How Come Elephant’s Rarely Get Cancer?

Photo by AJ Robbie on Unsplash

With cancer, the chances are pretty devastating – you’re more likely to get it the longer you live and the larger you are. With more cells in their bodies, large animals have more opportunities to develop mutation. However, scientists are stunned to learn that elephants, one of the biggest species on the planet, only have around 5% death by cancer. For comparison, that rate is around 11% to 25% for humans. Why is this?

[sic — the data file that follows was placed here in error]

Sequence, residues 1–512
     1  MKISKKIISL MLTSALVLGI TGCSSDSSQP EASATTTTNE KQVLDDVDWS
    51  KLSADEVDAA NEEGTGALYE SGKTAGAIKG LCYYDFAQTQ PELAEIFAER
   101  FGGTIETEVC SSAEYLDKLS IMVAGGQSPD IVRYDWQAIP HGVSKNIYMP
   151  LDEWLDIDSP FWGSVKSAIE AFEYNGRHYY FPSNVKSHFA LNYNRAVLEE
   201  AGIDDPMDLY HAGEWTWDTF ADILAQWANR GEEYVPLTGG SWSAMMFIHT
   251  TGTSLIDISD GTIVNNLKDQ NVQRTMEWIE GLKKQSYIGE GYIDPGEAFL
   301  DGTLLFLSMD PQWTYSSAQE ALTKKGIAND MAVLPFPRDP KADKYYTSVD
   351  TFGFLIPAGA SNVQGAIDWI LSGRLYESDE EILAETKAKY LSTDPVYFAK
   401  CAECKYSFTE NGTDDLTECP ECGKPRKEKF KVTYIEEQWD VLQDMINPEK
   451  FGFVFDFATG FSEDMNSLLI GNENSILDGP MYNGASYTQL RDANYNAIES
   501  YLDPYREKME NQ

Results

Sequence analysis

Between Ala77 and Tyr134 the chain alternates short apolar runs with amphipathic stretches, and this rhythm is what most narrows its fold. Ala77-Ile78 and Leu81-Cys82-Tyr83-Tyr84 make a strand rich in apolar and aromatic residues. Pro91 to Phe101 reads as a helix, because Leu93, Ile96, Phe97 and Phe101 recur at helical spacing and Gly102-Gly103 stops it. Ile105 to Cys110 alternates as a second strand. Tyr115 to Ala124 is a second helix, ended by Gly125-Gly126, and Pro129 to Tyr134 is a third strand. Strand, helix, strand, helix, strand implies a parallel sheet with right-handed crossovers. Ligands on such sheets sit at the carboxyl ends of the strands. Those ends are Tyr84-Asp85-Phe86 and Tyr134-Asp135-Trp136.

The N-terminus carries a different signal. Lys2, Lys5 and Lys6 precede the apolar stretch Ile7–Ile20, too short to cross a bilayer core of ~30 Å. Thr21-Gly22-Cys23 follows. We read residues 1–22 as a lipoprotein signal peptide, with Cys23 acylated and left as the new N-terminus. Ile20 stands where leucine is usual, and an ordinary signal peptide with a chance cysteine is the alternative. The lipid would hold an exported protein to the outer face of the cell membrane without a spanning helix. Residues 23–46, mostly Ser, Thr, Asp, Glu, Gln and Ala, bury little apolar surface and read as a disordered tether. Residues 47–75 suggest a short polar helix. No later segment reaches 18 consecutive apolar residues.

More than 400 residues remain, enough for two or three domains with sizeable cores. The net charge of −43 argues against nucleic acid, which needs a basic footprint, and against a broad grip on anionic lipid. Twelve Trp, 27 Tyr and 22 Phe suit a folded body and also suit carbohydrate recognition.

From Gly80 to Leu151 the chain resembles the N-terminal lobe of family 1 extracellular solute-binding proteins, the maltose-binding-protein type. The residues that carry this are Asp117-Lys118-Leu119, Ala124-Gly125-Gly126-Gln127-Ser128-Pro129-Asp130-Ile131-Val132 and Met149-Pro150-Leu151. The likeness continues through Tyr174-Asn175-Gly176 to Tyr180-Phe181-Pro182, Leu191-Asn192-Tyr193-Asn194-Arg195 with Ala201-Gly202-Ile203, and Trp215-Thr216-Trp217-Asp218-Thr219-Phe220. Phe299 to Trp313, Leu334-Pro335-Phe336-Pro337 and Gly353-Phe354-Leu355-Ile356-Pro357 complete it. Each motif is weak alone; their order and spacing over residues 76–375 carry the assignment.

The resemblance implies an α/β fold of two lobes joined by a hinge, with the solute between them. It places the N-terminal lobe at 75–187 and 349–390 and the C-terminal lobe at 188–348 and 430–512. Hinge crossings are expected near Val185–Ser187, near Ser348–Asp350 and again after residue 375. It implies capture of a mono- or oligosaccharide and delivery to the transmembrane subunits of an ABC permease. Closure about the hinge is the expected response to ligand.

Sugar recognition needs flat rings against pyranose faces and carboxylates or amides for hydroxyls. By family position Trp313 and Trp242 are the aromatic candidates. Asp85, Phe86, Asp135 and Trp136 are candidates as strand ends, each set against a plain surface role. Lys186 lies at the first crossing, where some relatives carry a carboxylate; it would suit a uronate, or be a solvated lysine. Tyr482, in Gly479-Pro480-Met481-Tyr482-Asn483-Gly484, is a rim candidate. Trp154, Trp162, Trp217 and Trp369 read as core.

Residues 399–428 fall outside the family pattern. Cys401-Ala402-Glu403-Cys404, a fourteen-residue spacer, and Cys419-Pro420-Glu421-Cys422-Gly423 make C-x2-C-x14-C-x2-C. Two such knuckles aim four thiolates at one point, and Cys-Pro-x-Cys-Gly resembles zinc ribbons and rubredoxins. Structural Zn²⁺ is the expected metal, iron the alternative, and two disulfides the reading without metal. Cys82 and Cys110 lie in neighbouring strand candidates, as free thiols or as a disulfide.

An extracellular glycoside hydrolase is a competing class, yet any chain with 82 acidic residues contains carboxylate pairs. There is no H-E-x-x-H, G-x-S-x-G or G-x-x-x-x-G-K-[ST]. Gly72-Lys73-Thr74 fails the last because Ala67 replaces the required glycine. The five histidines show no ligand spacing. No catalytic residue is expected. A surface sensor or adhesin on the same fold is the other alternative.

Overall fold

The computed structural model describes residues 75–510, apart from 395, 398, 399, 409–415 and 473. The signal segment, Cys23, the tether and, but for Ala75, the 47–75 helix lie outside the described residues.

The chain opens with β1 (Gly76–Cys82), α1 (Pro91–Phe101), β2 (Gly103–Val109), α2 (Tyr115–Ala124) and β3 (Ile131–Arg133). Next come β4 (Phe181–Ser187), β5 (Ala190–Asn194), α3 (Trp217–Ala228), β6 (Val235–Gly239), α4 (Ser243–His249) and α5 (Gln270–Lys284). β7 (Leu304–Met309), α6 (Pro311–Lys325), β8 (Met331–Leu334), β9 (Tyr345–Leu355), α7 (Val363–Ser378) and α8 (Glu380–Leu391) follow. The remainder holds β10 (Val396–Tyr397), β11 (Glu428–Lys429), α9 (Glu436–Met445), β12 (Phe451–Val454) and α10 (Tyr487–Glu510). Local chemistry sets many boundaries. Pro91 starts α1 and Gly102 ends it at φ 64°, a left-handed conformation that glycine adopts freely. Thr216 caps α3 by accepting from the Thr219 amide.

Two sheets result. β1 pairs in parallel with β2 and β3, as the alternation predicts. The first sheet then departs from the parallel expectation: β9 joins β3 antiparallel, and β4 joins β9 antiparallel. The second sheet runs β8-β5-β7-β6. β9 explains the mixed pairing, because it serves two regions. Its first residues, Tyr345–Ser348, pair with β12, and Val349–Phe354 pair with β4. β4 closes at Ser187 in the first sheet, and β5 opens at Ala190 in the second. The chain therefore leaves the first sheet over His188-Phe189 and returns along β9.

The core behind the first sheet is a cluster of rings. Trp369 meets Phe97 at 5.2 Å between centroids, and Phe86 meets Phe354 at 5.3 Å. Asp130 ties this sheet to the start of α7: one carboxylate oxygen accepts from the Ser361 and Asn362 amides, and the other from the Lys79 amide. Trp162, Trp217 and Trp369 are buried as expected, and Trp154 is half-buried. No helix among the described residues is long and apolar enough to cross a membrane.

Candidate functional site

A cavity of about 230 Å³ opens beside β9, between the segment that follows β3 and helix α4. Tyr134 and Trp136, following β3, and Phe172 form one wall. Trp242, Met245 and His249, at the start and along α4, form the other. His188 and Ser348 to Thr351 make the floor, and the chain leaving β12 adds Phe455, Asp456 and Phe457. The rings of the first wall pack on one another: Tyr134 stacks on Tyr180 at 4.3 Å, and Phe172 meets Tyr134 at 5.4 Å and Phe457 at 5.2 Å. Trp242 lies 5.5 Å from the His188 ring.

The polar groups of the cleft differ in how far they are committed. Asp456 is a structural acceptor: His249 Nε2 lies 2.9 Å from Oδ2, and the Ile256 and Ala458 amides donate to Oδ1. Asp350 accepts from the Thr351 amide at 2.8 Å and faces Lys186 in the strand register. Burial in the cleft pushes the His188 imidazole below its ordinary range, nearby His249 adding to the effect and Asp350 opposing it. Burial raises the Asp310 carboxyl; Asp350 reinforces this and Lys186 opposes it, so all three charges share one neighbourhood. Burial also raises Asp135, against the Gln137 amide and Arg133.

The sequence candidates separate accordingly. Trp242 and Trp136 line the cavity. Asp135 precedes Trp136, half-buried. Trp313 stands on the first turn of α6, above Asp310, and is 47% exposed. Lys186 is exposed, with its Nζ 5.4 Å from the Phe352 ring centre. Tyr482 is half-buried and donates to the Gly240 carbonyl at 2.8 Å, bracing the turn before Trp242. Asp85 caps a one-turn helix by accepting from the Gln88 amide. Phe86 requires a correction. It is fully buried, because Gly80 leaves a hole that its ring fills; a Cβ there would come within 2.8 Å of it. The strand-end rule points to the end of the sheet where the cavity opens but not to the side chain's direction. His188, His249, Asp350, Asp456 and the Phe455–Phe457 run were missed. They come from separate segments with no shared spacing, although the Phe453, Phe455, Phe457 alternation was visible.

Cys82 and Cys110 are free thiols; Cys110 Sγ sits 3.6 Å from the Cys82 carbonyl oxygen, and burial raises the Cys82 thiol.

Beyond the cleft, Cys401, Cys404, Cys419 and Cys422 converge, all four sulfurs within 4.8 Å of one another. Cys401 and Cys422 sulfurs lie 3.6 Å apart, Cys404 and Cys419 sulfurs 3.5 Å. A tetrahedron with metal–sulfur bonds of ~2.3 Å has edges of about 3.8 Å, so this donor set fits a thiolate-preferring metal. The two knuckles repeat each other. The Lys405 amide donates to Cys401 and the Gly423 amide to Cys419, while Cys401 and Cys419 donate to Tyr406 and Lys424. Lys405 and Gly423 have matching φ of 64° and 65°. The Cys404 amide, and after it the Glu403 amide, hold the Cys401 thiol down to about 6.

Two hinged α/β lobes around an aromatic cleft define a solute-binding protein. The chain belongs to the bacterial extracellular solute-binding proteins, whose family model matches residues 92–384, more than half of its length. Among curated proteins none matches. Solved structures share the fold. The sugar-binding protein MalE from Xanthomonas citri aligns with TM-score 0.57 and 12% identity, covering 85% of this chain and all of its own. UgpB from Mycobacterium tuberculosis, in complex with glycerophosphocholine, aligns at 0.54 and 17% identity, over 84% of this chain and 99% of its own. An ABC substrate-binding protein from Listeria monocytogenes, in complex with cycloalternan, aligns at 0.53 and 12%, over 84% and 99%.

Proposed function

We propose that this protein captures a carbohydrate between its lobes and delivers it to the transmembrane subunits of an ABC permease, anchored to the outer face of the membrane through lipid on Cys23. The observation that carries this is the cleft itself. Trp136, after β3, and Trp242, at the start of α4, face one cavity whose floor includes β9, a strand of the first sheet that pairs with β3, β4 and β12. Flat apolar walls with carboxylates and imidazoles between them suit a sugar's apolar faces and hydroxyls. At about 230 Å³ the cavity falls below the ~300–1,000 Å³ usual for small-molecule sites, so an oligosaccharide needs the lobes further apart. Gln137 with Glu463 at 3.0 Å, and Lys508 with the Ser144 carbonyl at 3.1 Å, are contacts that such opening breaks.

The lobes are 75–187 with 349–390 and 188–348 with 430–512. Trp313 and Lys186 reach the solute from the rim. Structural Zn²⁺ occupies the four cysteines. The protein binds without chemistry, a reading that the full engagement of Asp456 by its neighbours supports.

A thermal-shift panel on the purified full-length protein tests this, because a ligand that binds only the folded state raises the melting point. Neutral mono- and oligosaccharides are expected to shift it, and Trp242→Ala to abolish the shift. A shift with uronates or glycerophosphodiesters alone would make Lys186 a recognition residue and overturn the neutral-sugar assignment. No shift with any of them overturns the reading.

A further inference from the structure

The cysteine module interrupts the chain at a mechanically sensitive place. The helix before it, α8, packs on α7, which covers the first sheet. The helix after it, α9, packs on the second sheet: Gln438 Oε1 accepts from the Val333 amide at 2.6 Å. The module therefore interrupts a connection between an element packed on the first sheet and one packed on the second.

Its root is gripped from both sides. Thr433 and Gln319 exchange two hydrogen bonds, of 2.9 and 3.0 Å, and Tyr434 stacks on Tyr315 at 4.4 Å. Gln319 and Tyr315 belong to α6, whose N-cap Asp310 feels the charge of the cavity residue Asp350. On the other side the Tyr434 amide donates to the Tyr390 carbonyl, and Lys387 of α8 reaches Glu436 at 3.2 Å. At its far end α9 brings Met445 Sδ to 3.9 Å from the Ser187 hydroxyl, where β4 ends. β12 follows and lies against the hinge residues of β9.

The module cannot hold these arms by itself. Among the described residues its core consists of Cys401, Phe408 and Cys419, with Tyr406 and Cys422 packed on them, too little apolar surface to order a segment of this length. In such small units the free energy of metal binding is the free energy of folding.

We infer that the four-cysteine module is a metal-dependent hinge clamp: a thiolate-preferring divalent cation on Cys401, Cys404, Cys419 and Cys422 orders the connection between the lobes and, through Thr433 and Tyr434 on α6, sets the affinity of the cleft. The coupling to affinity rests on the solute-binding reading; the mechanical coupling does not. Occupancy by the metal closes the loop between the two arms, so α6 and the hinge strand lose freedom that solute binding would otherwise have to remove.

The answer is genes. The critical tumor suppressor is a gene called p53. Humans have only one copy of it, and if there are problems with it, chances are some form of cancer will develop. Elephants, on the other hand, have 20 p53s.

As one p53 study revealed, there’s another gene that protects elephants from cancer – LIF6.

Millions of years of evolution made elephants great in fighting cancer naturally. Scientists are using these findings to further explore how humans can efficiently fight cancer.